Win At All Costs?: A Glimpse Into Trade Secrets In The Sports And Entertainment Industry

2 minute read | October.30.2015

It is one of those magical times during the year when sports fanatics can enjoy three major American sports all at the same time: the MLB playoffs are in full swing; the NFL season has finally kicked off; and the NHL saw the puck drop for the first regular season game a couple weeks ago. But between the throngs of fans cheering (or booing) their teams, we at TSW wanted to take a moment to reflect on the sophisticated trade secrets disputes that are at the heart of the sports and entertainment industry.

In recent years, the sports industry has seen trade secrets disputes in areas such as:

  • NFL Scouting Grades: In the 2012 case of National Football Scouting, Inc. v. Rang, National Football Scouting, Inc. alleged a sports writer published the scouting grades for 18 college football players who were turning pro. While the sports writer argued the scouting grades were based on subjective opinions rather than facts, the U.S. District Court for the Western District of Washington disagreed.  Instead, the court found that assigning specific grades to prospects constituted information with an independent economic value and therefore, the grades were protectable trade secrets.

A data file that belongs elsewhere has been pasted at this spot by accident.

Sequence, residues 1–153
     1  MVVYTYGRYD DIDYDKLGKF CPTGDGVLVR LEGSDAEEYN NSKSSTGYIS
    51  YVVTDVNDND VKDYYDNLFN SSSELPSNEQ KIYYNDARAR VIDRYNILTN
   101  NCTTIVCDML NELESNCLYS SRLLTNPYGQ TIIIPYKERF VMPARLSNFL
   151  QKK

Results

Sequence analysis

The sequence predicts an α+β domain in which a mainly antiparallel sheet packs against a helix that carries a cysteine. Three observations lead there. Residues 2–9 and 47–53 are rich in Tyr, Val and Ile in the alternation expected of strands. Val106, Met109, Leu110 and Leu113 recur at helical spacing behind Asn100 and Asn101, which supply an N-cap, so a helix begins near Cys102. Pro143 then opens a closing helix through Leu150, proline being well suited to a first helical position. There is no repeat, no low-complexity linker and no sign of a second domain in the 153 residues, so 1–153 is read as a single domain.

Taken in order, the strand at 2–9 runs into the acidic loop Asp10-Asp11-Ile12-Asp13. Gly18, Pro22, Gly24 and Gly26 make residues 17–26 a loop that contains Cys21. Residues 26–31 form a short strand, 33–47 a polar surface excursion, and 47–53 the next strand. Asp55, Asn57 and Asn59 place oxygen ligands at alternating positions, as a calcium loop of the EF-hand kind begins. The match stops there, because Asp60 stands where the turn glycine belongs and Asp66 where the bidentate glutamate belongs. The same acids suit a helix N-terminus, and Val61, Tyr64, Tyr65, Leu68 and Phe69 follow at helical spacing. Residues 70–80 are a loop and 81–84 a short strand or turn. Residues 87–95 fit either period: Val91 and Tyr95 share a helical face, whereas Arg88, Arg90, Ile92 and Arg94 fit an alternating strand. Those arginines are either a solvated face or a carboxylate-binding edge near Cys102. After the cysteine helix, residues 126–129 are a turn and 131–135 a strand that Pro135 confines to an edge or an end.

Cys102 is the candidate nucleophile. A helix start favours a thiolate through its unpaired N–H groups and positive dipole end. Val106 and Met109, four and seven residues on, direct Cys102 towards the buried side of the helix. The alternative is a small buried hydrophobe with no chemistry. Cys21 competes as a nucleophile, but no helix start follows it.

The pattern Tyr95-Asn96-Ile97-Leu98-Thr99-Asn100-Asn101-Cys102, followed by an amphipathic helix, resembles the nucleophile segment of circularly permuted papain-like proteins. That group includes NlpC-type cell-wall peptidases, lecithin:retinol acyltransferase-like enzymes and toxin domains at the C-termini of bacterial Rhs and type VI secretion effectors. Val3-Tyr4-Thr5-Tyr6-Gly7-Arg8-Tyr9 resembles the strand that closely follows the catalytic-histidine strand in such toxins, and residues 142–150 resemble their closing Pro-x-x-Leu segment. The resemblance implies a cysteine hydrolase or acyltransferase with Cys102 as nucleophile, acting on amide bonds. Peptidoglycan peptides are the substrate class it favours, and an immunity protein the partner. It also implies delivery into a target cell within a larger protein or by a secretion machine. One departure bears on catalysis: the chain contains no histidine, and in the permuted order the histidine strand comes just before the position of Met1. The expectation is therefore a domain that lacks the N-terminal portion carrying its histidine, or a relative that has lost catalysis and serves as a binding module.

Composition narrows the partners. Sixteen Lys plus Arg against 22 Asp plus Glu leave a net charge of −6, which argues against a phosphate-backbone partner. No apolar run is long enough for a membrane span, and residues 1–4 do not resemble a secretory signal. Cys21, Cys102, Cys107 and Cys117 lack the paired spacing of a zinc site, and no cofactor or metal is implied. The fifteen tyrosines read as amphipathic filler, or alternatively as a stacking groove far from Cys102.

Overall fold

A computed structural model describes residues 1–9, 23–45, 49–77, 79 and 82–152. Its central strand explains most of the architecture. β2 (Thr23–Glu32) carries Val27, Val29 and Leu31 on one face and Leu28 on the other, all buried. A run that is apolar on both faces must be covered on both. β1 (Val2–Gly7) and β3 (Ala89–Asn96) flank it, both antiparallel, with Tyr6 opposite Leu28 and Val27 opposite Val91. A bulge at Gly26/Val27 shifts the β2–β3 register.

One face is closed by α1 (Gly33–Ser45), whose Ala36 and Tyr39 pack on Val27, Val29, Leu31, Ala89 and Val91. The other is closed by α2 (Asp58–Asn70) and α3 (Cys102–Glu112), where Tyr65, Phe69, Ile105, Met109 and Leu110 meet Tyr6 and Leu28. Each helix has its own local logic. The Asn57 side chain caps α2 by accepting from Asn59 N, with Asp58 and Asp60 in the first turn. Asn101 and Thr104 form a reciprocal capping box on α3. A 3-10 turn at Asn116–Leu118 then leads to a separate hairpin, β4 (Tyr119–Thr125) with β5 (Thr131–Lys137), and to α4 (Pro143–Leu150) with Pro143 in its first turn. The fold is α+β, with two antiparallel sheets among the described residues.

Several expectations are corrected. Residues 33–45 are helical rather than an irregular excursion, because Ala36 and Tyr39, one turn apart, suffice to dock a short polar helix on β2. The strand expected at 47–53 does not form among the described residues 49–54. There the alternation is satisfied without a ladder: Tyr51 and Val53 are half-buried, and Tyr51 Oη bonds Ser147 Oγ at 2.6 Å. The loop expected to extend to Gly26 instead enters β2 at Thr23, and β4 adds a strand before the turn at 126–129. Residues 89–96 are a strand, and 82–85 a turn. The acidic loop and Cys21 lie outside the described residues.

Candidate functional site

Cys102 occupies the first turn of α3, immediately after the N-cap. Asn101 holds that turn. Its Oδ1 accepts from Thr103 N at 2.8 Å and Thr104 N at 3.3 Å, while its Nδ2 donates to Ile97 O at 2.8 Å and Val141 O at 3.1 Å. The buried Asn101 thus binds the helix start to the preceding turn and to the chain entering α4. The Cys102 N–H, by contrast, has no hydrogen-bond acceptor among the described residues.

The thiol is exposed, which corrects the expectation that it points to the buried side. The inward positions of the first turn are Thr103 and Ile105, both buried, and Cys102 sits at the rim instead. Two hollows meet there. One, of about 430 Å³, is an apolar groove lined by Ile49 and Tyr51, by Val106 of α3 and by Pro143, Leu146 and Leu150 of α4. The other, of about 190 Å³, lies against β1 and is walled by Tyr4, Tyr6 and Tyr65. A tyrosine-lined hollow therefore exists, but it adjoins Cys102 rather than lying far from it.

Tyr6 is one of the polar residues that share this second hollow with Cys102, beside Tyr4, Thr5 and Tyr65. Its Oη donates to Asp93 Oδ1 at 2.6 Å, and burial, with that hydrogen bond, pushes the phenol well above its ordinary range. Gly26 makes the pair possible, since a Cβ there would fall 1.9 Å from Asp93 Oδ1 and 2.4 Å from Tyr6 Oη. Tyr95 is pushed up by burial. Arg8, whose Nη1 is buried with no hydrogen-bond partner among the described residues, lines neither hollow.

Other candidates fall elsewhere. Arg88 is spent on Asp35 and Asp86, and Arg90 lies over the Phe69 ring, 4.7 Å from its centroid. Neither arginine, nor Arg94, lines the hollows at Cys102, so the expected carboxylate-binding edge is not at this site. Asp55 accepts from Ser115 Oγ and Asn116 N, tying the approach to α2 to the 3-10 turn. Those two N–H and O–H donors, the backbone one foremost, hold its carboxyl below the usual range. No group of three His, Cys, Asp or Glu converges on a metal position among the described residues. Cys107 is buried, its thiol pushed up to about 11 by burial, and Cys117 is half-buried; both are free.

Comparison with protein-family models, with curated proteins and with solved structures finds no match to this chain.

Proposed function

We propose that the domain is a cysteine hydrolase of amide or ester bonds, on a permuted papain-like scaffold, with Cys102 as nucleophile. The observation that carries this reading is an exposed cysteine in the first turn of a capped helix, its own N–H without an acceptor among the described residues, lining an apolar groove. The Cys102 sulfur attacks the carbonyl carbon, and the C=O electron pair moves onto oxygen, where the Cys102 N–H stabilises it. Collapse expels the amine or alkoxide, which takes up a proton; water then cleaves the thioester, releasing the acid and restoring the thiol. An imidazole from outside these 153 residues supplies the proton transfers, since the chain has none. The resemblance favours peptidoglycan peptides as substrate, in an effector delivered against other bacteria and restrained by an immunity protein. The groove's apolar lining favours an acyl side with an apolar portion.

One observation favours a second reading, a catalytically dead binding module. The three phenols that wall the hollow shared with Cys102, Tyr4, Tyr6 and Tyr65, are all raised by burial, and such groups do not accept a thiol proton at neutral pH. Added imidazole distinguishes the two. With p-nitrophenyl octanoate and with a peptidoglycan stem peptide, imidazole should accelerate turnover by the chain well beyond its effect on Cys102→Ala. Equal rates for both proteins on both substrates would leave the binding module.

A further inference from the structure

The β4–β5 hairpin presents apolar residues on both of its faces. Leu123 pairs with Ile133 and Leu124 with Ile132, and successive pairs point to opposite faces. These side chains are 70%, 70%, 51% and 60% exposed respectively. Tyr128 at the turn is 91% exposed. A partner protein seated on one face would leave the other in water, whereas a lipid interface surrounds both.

• Client Lists: In the 2005 case of Steinberg Moorad & Dunn, Inc. v. Dunn, a prominent sports agency alleged a former partner and five other employees started a competing firm and eventually wooed away almost professional athletes by using their former employer’s client lists. However, the Ninth Circuit held the client lists were not protectable trade secrets because the information was readily accessible to any agent in the industry.  In fact, the NFL Players Association publishes a list of which players are signed to which agents on its website.
  • Athletic Apparel: In 2014, Nike sued three former designers who left Nike and began consulting with rival Adidas, alleging the employees had misappropriated trade secrets. These designs included models for team uniforms, basketball shoes, and products for the 2016 European Championships.

Legendary Green Bay Packers coach Vince Lombardi once quipped, “Winning isn’t everything, it’s the only thing.”  An athlete’s intense desire to win may result in a few stolen signs or deflated footballs, but for companies involved in the sports sector, it is more than just about winning the game.  For those companies, winning trade secrets disputes and protecting proprietary information may be the difference between becoming reigning champ or early retirement.